"These things are hard to tip over," geologist Wilson Bonner assures me as the four-wheeled all-terrain vehicle he's piloting tilts suddenly sideways, pitching me toward the churned up mud beneath our wheels. We're grinding up the side of a thickly forested hill in rural Ontario, Canada, on a chilly fall day, heading toward a spot that Bonner's employer, startup KoBold Metals, says represents the marriage of cutting-edge artificial intelligence with one of humanity's oldest industries.
We do indeed complete the half-hour trek relatively unmuddied, finally breaking through a ring of broken trees and mangled brush into a swath of bulldozed mud. A black pipe about as wide around as my arm juts out of the ground—the top end of a hole nearly a kilometer deep that was punched into the ground by a truck-sized drilling rig that sits idly nearby. It's not much to look at, but this hole might mark a step into the future of mining, an industry crucial for the world's transition to renewable energy.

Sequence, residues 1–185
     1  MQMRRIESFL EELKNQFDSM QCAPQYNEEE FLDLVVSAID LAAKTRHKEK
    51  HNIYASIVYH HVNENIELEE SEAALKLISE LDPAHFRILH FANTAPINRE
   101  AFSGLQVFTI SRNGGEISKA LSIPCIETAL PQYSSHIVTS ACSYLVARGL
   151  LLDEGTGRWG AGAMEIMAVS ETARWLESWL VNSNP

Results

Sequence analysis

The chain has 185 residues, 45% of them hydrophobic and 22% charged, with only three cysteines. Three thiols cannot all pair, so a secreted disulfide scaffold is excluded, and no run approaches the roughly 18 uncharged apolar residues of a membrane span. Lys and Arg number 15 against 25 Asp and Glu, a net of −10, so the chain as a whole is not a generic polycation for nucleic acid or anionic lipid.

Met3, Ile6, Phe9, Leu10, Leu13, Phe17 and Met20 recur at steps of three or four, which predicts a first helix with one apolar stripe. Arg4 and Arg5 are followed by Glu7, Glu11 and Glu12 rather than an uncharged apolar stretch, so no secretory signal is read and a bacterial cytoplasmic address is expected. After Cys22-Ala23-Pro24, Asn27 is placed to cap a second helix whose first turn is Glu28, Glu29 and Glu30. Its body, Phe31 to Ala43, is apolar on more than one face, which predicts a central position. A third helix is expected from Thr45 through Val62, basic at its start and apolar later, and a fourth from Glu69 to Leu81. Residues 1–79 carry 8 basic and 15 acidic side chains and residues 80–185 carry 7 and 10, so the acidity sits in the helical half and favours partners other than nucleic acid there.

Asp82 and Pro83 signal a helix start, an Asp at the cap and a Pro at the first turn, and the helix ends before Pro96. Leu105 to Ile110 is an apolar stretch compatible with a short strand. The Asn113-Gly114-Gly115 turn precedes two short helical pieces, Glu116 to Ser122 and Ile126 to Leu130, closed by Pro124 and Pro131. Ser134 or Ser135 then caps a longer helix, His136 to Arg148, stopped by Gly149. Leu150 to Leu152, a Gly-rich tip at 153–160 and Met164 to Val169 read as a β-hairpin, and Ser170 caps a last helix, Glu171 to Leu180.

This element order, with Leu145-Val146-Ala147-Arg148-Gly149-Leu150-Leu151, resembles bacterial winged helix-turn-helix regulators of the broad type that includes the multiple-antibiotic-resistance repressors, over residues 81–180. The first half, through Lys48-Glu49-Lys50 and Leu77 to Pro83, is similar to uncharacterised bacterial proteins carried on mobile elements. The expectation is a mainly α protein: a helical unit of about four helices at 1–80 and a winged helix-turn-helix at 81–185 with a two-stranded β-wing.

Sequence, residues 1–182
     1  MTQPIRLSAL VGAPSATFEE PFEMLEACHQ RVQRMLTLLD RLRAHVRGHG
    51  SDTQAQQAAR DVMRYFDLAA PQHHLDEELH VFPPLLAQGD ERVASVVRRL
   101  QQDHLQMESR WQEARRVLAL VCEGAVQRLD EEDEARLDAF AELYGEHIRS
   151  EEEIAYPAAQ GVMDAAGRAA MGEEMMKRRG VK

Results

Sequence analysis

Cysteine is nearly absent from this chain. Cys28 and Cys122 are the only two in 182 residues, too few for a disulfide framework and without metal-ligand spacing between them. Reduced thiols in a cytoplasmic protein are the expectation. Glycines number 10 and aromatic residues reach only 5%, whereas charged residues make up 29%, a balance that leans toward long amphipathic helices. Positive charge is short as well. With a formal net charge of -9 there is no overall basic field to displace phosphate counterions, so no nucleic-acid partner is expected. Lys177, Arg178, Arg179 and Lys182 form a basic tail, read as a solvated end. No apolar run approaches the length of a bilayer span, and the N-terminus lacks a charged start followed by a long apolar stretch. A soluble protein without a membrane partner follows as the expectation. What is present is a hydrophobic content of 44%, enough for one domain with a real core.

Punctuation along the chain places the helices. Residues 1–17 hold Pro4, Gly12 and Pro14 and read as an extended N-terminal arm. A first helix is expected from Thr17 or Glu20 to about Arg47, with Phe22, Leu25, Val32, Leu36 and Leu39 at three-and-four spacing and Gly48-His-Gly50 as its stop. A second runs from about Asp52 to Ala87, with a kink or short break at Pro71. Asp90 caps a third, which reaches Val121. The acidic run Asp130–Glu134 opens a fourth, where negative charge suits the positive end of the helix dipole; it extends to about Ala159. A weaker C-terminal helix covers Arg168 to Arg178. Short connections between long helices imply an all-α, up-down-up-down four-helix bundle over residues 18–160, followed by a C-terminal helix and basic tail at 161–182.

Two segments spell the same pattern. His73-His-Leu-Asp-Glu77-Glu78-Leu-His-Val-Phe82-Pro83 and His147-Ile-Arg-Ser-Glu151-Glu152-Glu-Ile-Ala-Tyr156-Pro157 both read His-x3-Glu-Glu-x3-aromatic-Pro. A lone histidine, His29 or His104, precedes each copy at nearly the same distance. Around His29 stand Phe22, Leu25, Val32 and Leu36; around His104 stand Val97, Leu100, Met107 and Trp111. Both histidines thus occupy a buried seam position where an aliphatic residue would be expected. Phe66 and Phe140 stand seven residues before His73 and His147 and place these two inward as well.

As the world fitfully begins to shift from fossil fuels to greener alternatives, there's an intensifying global scramble to find the vast quantities of cobalt, lithium and other metals required to build all the electric car batteries, solar panels, and wind turbines we're going to need. But finding new mineral deposits has always been difficult and expensive, and it's only getting more so. Most of the world's easily discovered reserves are already being tapped. The ones that remain tend to be in remote locales and deep underground. Miners generally say only 1 in 100 exploratory boreholes turns up anything.
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